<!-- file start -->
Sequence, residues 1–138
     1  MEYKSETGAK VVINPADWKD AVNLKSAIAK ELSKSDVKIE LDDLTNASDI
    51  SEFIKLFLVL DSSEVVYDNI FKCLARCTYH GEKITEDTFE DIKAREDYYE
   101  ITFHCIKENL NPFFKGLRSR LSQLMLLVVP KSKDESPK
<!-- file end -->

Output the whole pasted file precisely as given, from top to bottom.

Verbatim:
Sequence, residues 1–138
     1  MEYKSETGAK VVINPADWKD AVNLKSAIAK ELSKSDVKIE LDDLTNASDI
    51  SEFIKLFLVL DSSEVVYDNI FKCLARCTYH GEKITEDTFE DIKAREDYYE
   101  ITFHCIKENL NPFFKGLRSR LSQLMLLVVP KSKDESPK